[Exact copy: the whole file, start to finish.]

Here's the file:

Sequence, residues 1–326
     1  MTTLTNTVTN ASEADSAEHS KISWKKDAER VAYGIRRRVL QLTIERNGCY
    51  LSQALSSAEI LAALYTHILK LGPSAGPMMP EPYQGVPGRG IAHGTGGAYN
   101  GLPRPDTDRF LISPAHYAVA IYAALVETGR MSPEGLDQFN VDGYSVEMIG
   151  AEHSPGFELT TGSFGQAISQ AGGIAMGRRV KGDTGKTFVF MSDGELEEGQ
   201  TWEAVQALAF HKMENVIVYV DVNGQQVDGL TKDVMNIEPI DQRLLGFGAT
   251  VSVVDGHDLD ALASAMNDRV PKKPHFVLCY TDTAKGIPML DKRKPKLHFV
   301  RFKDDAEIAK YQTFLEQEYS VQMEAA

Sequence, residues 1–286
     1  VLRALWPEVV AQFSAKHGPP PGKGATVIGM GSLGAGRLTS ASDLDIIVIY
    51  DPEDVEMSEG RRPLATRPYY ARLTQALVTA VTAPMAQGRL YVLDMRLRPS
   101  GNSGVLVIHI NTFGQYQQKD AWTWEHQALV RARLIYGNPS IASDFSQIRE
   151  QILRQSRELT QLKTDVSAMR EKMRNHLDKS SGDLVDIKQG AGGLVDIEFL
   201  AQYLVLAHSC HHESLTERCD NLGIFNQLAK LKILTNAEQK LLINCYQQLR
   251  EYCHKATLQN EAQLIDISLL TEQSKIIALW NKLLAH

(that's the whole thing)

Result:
Sequence, residues 1–326
     1  MTTLTNTVTN ASEADSAEHS KISWKKDAER VAYGIRRRVL QLTIERNGCY
    51  LSQALSSAEI LAALYTHILK LGPSAGPMMP EPYQGVPGRG IAHGTGGAYN
   101  GLPRPDTDRF LISPAHYAVA IYAALVETGR MSPEGLDQFN VDGYSVEMIG
   151  AEHSPGFELT TGSFGQAISQ AGGIAMGRRV KGDTGKTFVF MSDGELEEGQ
   201  TWEAVQALAF HKMENVIVYV DVNGQQVDGL TKDVMNIEPI DQRLLGFGAT
   251  VSVVDGHDLD ALASAMNDRV PKKPHFVLCY TDTAKGIPML DKRKPKLHFV
   301  RFKDDAEIAK YQTFLEQEYS VQMEAA

Sequence, residues 1–286
     1  VLRALWPEVV AQFSAKHGPP PGKGATVIGM GSLGAGRLTS ASDLDIIVIY
    51  DPEDVEMSEG RRPLATRPYY ARLTQALVTA VTAPMAQGRL YVLDMRLRPS
   101  GNSGVLVIHI NTFGQYQQKD AWTWEHQALV RARLIYGNPS IASDFSQIRE
   151  QILRQSRELT QLKTDVSAMR EKMRNHLDKS SGDLVDIKQG AGGLVDIEFL
   201  AQYLVLAHSC HHESLTERCD NLGIFNQLAK LKILTNAEQK LLINCYQQLR
   251  EYCHKATLQN EAQLIDISLL TEQSKIIALW NKLLAH